We agree with your Editorial (Nature 406, 661; 2000) in that the spectacular fires of last year should be a stimulus for improving management of forest ecosystems in the American west. In fact, through the leadership of the US Department of Agriculture Forest Service, a new programme is being implemented to improve forest management, in view of fire and other hazards that endanger forest health.
However, we strongly disagree with your statement that the Forest Service “uses its money to pay its staff, not to conduct high-quality research into forest management”.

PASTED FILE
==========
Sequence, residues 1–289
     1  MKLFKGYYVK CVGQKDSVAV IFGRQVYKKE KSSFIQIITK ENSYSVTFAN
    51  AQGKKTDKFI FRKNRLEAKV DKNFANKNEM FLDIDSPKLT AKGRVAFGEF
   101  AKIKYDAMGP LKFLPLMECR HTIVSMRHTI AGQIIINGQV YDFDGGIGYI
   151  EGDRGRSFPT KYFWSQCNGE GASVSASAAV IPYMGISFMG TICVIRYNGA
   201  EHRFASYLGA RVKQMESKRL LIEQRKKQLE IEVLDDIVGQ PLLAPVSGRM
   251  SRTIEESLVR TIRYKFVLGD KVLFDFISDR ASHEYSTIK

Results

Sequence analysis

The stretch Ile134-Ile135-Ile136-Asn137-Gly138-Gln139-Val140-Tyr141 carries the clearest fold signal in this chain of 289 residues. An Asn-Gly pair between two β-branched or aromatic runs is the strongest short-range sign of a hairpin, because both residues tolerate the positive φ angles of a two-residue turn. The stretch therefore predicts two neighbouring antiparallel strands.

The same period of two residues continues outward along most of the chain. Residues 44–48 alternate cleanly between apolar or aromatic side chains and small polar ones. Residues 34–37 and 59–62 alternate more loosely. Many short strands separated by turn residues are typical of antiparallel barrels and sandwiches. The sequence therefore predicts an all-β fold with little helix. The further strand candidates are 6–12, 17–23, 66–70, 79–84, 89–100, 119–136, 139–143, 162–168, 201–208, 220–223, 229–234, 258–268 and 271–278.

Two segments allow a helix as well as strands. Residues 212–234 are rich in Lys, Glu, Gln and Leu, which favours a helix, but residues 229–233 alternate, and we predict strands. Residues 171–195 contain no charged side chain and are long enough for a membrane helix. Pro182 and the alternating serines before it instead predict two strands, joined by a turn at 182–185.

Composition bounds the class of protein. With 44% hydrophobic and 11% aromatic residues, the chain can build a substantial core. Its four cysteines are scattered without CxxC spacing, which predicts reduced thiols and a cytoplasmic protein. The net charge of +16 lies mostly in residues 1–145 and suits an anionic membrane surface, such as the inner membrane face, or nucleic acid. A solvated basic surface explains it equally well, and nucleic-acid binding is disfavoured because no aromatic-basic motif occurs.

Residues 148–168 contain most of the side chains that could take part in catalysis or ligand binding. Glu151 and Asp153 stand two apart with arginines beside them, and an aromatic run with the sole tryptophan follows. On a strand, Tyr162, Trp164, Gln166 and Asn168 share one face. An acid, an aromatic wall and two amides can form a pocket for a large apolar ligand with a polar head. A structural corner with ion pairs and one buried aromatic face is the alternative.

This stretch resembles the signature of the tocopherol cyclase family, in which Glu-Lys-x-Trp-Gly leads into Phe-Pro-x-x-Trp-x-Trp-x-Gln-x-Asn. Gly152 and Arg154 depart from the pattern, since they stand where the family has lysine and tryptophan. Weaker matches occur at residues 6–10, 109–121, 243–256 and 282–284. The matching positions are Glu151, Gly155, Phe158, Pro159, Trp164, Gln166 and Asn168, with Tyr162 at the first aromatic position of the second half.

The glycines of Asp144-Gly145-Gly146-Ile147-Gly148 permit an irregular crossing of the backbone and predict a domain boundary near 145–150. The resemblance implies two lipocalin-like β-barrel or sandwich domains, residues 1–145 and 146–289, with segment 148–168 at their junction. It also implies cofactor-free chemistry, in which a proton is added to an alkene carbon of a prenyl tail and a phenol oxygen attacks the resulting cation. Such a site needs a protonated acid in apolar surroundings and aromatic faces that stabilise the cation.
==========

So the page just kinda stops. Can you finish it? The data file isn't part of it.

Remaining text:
In reality the Forest Service, beginning in the 1920s under Rafael Zon, has exerted global leadership in forestry research. The ecosystem models used to manage fires in the west and to accomplish appropriate restoration are products of long-term ecological research, started decades before the value of such research was realized in the academic community or other scientific organizations. Five of the National Science Foundation long-term ecological research sites are Forest Service research sites, where such work has been taking place for many years.
Forest Service research is cost-effective. About 7% of the agency's budget, some $220 million a year, supports six research stations, the Forest Products Laboratory and the International Institute of Tropical Forestry.